Can you build strength using resistance tubing or bands? Yes! Some people think that the light resistance bands used for physical therapy and rehab are the only option. There are bands and tubes that are quite stout and handles that can accommodate multiple tubes at a time. I have a set that you can attach up to three 100 pound tubes to.

Why tubing instead of free weights?

exerciseTubing offers a safe alternative to using free weights because the load gets progressively greater as the band stretches which follows the natural strength curve on many exercises. This allows a person with joint or connective tissue injuries to have less stress on their injury at the starting or stretched position. Anyone that has had a tendentious can appreciate the fact that the stretched position is the point at which the greatest pain is felt.

Even people with no injuries can benefit from some tubing or band exercises. Because tubing does not rely on gravity you can use them in any plane of motion. This allows you to work on core stability by forcing you to brace and balance yourself as you exercise. Bands also offer a way to develop power because you need to accelerate your limbs to keep the handle moving as the resistance increases as the bands stretch.

Unilateral Band Fly Technique

  1. Attach a resistance tube securely to an immovable attachment point.
  2. Be very careful to make sure the tube is secure and that there is no way that it will come unattached.
  3. Stand in a wide stance with your arm fully extended.
  4. Tighten your core and rotate your arm in front of you while keeping your elbow stationary.
  5. Maintain a controlled decent as you return your arm to the starting position.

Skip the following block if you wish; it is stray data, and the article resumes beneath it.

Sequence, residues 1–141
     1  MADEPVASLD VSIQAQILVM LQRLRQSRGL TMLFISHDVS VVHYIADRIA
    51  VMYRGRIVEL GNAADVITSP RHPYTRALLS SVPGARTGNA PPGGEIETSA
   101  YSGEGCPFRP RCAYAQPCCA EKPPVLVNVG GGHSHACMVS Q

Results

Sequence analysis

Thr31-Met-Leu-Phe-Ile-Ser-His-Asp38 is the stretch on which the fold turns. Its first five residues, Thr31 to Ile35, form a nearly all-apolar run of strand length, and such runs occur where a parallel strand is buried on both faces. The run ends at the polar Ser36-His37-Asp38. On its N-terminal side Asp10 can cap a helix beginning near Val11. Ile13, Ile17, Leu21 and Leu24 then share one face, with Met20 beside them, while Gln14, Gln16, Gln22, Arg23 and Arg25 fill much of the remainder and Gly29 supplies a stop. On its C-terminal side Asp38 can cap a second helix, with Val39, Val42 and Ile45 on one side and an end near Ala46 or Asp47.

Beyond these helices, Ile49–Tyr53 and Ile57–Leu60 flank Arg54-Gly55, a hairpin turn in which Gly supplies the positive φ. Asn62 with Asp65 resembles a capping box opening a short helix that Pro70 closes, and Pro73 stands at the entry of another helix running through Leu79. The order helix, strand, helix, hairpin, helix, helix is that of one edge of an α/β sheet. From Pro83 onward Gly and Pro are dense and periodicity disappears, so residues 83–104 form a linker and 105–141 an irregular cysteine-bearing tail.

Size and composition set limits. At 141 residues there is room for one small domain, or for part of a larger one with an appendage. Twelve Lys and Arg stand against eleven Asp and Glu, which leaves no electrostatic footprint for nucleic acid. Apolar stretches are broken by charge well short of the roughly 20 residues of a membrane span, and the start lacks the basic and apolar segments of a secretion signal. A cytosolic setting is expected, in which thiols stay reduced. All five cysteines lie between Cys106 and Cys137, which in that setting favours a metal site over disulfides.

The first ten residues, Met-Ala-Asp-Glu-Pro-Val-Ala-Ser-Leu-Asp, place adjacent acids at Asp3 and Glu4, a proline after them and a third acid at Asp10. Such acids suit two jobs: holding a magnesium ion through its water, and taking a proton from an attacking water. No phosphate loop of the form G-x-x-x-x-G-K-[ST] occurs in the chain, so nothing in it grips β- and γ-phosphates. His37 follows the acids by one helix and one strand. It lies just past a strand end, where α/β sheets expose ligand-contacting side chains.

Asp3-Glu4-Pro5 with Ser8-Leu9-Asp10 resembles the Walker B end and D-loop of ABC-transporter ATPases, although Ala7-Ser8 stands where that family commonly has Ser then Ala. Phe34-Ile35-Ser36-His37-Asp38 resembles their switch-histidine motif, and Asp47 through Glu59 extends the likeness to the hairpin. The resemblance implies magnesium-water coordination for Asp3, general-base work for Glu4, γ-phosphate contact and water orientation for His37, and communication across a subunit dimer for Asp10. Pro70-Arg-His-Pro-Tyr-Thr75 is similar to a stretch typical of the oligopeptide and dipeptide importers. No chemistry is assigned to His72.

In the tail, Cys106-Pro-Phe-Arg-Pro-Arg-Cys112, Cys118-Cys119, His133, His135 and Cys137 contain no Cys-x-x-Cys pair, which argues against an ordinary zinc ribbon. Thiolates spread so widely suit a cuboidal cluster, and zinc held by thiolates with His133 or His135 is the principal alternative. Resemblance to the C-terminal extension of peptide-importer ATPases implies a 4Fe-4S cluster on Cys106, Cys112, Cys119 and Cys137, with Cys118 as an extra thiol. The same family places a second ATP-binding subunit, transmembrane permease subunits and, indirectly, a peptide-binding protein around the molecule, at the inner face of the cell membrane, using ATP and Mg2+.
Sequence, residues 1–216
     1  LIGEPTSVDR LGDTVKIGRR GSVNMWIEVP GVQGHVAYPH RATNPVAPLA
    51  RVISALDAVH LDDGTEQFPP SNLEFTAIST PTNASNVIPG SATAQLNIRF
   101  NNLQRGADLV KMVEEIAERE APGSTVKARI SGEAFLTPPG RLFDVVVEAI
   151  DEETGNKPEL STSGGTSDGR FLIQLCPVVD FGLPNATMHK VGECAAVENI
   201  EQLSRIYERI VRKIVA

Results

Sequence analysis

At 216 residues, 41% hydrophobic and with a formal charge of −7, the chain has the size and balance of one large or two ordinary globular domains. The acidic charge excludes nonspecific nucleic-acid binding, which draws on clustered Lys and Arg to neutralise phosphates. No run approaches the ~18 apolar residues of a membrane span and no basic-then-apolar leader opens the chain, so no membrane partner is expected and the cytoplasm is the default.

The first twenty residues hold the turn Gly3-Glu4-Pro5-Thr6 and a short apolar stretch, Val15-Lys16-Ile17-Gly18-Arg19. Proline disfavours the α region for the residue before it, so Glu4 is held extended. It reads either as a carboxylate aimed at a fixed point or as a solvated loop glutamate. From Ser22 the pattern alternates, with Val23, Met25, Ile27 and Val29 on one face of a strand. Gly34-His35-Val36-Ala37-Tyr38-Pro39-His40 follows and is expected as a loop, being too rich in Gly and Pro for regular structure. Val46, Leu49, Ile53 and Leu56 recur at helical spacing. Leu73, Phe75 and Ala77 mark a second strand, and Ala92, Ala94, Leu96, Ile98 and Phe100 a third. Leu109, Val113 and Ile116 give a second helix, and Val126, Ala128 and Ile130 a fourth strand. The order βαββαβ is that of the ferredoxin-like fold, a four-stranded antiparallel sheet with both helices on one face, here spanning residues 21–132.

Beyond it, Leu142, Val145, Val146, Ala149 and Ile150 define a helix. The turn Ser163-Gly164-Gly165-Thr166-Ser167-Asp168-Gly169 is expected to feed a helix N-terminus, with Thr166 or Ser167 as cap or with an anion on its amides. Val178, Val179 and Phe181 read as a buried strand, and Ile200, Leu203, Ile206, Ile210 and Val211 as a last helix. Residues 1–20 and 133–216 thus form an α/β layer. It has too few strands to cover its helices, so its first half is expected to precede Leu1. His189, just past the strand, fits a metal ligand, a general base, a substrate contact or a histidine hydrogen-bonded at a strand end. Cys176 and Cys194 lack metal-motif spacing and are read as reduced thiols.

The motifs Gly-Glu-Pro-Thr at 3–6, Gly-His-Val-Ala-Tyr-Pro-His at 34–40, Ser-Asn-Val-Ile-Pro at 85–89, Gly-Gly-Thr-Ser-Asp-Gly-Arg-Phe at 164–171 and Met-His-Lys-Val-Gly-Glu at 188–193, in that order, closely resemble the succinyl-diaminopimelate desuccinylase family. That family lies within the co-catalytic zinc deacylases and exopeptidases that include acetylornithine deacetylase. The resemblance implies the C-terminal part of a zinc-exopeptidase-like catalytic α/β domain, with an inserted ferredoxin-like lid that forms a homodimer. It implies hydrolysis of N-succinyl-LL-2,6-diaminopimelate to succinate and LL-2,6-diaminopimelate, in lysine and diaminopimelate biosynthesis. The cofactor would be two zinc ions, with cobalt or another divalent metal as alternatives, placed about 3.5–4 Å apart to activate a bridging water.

Note: This exercise will challenge not only to your pectoral muscles but also to the stabilizing muscles of your trunk. The range of motion that your pectoral muscles are under tension is also much greater when using a band. With a dumbbell fly, there is probably only about 25 degrees of motion where your chest is fully under load.

As you complete the rep the weight is no longer putting any tension on your pectoral muscles at all. With a band, you are creating a maximum force when your muscle is fully contracted. Not only is this exercise safer, it is superior to its free weight counterpart.

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John Rutnik

John Rutnik

John Rutnik is a NFPT Certified Personal Trainer. He holds an AAS in Electrical Technology and has been a certified personal trainer since 2008. John has been involved in physical fitness and weight training since the late 70’s and is an avid outdoors man. He became a personal trainer after rehabilitating himself from a spinal injury he sustained in a car accident and losing 70 pounds. John later obtained ISSA Certifications as both a Fitness Trainer and Specialist in Sports Nutrition and became Lead Fitness Trainer at Anytime Fitness in Schenectady NY. His training philosophy is “no man left behind,” everyone deserves a chance to succeed.